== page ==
Michael Eric Dyson successfully filled in for Ed Schultz on the June 8 edition of The Ed Show by continuing the tradition of blaming America’s problems on Republicans and ranting about their heartlessness. For this show, Dyson chose to focus his opening monologue on blasting “the party that claims to believe in family values and Christian charity” that also calls for Obama to tighten border security and deport illegal immigrants crossing the border.
Dyson stated that “maybe it's time for people of faith to come forward to show conservatives what true compassion means.” He completed his attack on conservative devotion to religion by asking his liberal viewers to text their answer to his poll question “is compassionate conservatism dead?” [See video below. Click here for MP3 audio]
To add even more insult, the MSNBC contributor invited Reverend Doctor Freddie Haynes of the Friendship West Baptist Church onto the show to insult Christian Republicans from inside the church itself. The Reverend claimed that “we live in a time where” conservative politicians like Rick Perry are “being pushed politically to respond to a humanitarian crisis in a way that is immoral.”
The liberal Reverend went out of his way to prove that while “we still have a big heart for a big heart reflects the heart of the Christ ” with room in it for illegal immigrants, the “heart of Christ” is not “big” enough to include conservatives.
See transcript below:
The Ed Show
July 8, 2014
5:05 p.m. Eastern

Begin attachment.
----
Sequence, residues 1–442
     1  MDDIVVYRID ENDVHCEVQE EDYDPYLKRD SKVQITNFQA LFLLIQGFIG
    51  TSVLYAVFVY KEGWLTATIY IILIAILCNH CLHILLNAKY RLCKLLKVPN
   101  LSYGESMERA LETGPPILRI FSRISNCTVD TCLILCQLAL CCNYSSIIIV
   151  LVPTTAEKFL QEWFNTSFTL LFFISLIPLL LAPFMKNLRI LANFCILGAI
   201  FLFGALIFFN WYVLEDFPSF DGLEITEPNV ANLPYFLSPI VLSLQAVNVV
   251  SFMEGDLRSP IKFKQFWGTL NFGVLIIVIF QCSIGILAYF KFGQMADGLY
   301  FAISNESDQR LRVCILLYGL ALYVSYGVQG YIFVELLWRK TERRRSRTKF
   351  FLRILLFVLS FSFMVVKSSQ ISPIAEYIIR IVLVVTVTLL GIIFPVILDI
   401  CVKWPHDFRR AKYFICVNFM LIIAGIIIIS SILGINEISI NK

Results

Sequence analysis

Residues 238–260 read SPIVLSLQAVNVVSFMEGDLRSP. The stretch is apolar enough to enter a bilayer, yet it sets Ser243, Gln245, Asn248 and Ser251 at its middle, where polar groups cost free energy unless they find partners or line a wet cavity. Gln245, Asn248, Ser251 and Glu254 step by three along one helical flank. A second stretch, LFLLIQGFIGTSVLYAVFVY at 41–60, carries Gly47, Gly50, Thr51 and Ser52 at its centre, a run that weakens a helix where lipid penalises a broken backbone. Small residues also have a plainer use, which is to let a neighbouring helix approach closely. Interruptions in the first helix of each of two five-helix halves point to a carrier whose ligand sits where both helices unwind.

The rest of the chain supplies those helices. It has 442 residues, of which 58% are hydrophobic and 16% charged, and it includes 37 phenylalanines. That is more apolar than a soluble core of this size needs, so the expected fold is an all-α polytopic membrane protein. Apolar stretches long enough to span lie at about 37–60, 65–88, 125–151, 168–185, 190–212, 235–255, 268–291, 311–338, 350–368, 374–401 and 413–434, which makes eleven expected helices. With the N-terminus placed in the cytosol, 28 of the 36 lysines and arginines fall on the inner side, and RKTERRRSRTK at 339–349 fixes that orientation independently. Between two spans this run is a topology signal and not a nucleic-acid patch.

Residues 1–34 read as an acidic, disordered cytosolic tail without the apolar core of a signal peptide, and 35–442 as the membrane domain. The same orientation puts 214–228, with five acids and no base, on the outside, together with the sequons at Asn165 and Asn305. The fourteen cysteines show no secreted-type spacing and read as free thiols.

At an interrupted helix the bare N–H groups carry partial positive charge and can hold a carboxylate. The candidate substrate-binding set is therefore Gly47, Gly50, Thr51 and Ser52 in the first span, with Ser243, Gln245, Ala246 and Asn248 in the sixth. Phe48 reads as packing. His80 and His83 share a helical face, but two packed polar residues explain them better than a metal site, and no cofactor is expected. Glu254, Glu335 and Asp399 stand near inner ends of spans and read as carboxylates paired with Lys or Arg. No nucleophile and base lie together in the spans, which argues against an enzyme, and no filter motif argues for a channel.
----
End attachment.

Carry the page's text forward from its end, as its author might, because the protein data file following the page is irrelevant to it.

3 minutes and 47 seconds
MICHAEL ERIC DYSON: Ah, compassionate obstructionism is obviously what that is. All of this is window dressing. Republicans like to claim they stand on the high moral ground, it’s the party that claims to believe in family values and Christian charity. We’ve been hearing a lot about religious freedom and how it relates to laws in the United States over the past few weeks. President Obama is planning to discuss the crisis on the U.S./Mexico border with faith and political leaders during a political fundraising visit in Texas tomorrow. Maybe it's time for people of faith to come forward to show conservatives what true compassion means. If you say you believe in Jesus and believe in the Bible and you believe in your religious virtues, don't just talk about it, be about it. Get your cell phones out. I want to know what you think. Tonight's question, is compassionate conservatism dead? Text A for yes or B for no to 67622, or go to our blog at Ed.MSNBC.com. I'll bring you the results later in the show. I'm joined now by the reverend Dr. Freddie Haynes, the senior pastor for the Friendship West Baptist Church and E.J. Dionne Washington Post columnist and MSNBC contributor and my Georgetown colleague. Reverend Doctor Haynes the III, do Texans take Rick Perry seriously Reverend?
REV. DOCTOR FREDDIE HAYNES: I hope not. The Rick Perry who spoke out of his heart about having a heart evidently has had a heart attack. Unfortunately we live in a time where he's being pushed politically to respond to a humanitarian crisis in a way that is immoral. And so with Texas being a state of big churches and big faith, I hope we still have a big heart for a big heart reflects the heart of the Christ that many of our conservatives claim to worship. That same Christ said how you treat these little children is a reflection of how you are treating me. As a matter of fact, he also went on to say that we have to be careful how we entertain strangers and how we treat foreigners and then don't forget about children. It's better to have a meal stone tied around your neck then to offend the least of these. So I'm with Rick Perry from a few years ago, let's have a heart. And because these are children who are in need of compassion. And unfortunately, compassionate conservatism, I don't know if that exists anymore.
DYSON: That’s an ironic statement. Maybe It may be Burt Bacharach was right, anybody who had a heart would at least be open here.